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From the field

Background on demonstrations in villages near Bethlehem

Several demonstrations are held on a weekly basis in villages near Bethlehem to protest the expropriation of lands and the fact that lands have been isolated on the “Israeli” side of the Separation Barrier.

Weekly demonstrations have been held in the village of al-Ma’sarah since November 2006 to protest the expropriation of vast tracts of agricultural lands belonging to residents of al-Ma’sarah and nearby villages (Um Salamuna, Wadi a-Nis and Jurat a-Sham’a) for the construction of the Separation Barrier near the settlement of Efrata. The barrier will also prevent main road access from the villages to Bethlehem, the district’s main city. The demonstrations in al-Ma’sarah are known as very peaceful. Israeli security forces generally halt the procession inside the village and it disperses within a short time.

In the village of Beit Ummar, there have been regular demonstrations since March 2009. Israeli security forces at these demonstrations are nearly equal in number to the demonstrators, and the demonstrations are forcefully dispersed.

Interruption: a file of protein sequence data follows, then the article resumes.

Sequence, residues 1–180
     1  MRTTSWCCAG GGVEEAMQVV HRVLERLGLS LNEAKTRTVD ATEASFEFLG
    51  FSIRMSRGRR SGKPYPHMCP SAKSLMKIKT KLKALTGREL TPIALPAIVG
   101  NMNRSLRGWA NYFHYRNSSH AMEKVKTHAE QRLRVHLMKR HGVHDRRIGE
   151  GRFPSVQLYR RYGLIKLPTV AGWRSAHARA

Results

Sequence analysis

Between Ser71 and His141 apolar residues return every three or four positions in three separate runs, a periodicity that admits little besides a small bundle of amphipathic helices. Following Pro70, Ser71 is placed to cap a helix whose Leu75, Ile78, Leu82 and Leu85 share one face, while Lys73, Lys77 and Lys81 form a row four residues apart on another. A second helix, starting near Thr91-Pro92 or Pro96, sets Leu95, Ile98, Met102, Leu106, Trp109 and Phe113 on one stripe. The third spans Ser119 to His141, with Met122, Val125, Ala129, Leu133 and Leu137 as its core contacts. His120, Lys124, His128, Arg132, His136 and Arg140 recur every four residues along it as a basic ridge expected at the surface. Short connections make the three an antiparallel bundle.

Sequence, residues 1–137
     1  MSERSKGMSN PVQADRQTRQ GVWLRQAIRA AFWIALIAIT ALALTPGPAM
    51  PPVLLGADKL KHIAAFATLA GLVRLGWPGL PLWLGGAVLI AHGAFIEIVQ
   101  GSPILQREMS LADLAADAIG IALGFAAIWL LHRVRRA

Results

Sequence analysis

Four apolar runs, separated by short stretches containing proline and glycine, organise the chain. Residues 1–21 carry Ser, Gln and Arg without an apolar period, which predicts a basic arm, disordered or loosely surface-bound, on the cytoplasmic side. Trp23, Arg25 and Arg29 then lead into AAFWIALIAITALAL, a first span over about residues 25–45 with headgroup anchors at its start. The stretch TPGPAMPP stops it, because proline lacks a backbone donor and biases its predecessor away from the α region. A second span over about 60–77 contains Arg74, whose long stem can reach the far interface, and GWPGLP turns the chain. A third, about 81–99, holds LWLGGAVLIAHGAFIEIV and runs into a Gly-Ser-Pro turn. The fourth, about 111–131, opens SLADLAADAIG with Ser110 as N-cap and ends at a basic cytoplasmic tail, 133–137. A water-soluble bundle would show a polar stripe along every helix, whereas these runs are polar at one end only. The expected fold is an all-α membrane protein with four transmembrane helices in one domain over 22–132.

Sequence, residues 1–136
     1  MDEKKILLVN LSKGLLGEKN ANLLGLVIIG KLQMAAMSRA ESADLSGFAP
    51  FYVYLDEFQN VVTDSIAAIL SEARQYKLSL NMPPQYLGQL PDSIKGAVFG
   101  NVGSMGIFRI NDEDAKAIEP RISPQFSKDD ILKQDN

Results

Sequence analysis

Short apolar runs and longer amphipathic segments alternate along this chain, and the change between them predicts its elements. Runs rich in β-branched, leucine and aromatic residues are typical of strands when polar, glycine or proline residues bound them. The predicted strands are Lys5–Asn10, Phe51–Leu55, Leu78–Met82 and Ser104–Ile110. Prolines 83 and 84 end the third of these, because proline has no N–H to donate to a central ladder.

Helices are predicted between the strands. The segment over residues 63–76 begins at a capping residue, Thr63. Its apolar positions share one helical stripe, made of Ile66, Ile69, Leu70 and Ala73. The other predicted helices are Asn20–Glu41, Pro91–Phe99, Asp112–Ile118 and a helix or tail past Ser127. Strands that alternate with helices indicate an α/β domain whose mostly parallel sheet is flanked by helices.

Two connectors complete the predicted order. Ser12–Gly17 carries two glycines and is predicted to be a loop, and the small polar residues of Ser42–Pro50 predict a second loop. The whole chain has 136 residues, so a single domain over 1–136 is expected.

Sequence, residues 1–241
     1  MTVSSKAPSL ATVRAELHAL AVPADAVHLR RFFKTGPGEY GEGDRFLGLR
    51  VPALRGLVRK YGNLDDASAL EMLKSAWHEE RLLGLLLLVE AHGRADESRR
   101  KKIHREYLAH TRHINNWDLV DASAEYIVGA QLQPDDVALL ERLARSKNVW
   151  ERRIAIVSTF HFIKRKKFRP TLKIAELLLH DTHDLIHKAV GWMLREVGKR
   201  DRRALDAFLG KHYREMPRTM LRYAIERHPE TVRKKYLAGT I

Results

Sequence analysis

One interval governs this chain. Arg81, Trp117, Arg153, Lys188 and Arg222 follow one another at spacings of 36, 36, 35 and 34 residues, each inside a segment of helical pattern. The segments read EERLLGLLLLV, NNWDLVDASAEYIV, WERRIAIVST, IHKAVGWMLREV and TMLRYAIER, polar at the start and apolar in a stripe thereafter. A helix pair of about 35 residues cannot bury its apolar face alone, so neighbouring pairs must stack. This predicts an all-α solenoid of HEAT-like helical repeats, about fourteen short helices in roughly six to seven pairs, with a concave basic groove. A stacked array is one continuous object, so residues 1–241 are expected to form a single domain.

The separation wall next to houses in the village. Photo: Eyal Hareuveni, B'Tselem, 5 November 2010.
The Separation wall next to houses in the village. Photo: Eyal Hareuveni, B'Tselem, 5 November 2010.

At the village of al-Walajah, the Separation Barrier is being constructed as a cement wall that will completely enclose the village, leaving a single opening to the road that links the village with the town of Beit Jala. The route chosen for the barrier was devised to enable the establishment of a new settlement, Giv’at Yael, on village lands. These lands were annexed to Jerusalem in 1967, but the built-up area of the village remains outside Jerusalem’s municipal boundaries. The Society for the Protection of Nature in Israel also opposes the proposed barrier route in this area because of unique agricultural terraces, dating back to the middle of the first millennium CE, that preserve an ancient farming practice. Opposition notwithstanding, on 22 August 2011 the Israeli High Court of Justice approved the route. Every Friday demonstrations take place in al-Walajah, protesting the construction of the Separation Barrier. The demonstrations are dispersed by border police using means for crowd control.